Covid-19’s heaviest impact will be in townships, informal settlements and rural areas. Otherwise inexplicable regulations, such as the curfew, a defined three-hour exercise period and a 5km exercise radius (which places Sandton, for example, beyond the reach of protesters from Alexandra) suggest an unflinching government preparing for an extended hard lockdown.

Government is not just witnessing the economy’s “total destruction”, as Ramaphosa claims, it is also partly causing it. There is still time to keep more businesses alive, and to retain the public trust the country will need as it moves into the more challenging phases of the epidemic.

Wishful thinking about the capabilities of a post-Covid government should be saved for another day.

• Butler teaches public policy at the University of Cape Town.

The third dimension of Covid-19 uncertainty





Government’s proposed easing of Covid-19 restrictions will have to balance health risks with economic effects. But the human, social, and political dimensions of the response should not be ignored.

We are confronted by three great fields of uncertainty. The first concerns the health science of Covid. We remain poorly informed about how the virus spreads, asymptomatic carrying, the effectiveness of social distancing, treatment options and testing reliability. Above all, we do not know if those who are infected will develop sustained immunity, or whether and when an effective vaccine will be available.

A second zone of uncertainty is economic. The implications of lockdown are hard to estimate. We face an explosion of public debt, companies will be destroyed and never return, unemployment is rising, and output shrinking. We face a potential collapse of the international trading system.

While government has carefully counterpoised “health” and “economy”, a third zone of uncertainty — human culture and behaviour — has been largely  ignored.

We do not know how citizens will respond to their confinement, and whether it will permanently change patterns of respect for authority. Will post-lockdown consumers return to pre-lockdown patterns of behaviour, travelling, consuming, and working in habitual ways?

Equally importantly, we do not know if the trust and co-operative behaviour required for self-confinement and compliance with official guidance will survive heavy-handed enforcement.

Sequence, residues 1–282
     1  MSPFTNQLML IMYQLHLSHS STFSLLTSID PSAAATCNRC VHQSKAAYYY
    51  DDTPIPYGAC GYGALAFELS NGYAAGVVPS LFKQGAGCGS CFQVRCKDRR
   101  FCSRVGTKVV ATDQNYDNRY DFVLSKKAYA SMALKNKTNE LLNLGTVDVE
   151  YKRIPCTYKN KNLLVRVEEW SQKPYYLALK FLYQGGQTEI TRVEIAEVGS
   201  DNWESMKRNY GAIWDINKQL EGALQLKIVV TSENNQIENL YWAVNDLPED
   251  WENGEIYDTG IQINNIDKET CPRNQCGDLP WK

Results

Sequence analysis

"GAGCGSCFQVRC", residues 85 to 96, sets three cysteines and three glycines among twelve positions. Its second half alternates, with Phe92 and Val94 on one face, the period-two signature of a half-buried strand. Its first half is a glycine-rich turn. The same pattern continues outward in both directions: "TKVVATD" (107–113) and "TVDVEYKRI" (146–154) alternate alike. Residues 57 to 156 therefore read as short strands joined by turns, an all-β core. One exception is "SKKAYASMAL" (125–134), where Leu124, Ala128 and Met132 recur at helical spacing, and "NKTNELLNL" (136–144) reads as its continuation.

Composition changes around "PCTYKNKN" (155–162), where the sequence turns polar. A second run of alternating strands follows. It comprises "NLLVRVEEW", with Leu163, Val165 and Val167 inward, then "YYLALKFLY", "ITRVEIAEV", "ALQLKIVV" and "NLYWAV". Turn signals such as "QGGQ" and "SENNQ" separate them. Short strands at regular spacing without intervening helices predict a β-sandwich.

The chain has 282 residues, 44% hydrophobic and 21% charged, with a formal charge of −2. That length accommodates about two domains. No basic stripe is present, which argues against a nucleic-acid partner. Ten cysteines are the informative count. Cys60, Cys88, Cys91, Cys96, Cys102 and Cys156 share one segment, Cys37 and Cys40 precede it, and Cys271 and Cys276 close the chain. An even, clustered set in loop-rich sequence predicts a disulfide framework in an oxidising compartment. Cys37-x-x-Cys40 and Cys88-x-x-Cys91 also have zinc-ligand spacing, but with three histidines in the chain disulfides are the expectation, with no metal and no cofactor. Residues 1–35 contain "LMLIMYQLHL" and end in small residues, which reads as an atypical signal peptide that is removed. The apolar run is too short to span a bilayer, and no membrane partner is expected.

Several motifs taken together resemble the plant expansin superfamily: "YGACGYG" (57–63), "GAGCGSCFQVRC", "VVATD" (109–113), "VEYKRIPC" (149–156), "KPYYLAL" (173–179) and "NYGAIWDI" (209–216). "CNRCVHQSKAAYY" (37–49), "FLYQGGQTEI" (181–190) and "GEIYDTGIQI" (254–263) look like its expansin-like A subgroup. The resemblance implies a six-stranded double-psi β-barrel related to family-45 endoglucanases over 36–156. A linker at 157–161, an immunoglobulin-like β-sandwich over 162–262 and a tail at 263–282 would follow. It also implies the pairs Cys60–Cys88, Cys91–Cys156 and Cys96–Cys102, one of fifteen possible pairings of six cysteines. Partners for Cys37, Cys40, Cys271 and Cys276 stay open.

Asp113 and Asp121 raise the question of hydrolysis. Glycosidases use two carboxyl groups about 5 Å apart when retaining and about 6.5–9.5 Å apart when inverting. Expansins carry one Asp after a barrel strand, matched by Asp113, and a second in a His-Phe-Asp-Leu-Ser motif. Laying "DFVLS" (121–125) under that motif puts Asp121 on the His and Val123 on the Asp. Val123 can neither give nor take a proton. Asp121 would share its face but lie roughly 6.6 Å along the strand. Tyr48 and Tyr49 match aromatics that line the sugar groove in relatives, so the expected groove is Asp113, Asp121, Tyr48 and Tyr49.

This third, human, dimension of the pandemic tends to fall in the cracks between the social sciences.

Economists have selectively harvested cognitive science and social psychology to elaborate various supposed “cognitive biases”: a normalcy bias that makes us slow to recognise threats; a confirmation bias that supports our preconceptions; and an “exponential myopia” that prevents us from understanding the basic maths of an epidemic.

The idea that human beings are basically rational, but with “biases” that impair our judgment, is deeply unhelpful in our abnormal world. Indeed, many popular reactions to the coronavirus have eschewed scientific and economic rationality altogether.

In our early HIV/Aids epidemic, more than two decades ago, the sexual transmission of HIV was used to blame the victims. Today we are headed down the same moralising path: liquor and cigarettes, according to our new moral guardians, increase vulnerability to Covid-related death and must be “banned” — or rather moved to the informal economy.

Our security apparatus has recovered its suppressed consciousness of how an authoritarian government should behave. The casspirs are freshly painted. Police roadblocks have appeared in exactly the same places they were found 30 years ago: on the borders of townships, similarly designed to contain protest. The talk is that we should not isolate individuals but rather communities; this used to be known as apartheid.

What does this mean for SA’s response to Covid-19? Government’s strategy has bought time to prepare the health system. We certainly need field hospitals, testing kits, masks, ventilators and burial places: they can help prevent the health system from being overwhelmed. Time has been bought to scale up screening and disaggregated information gathering; hopefully we are building a testing and tracing infrastructure.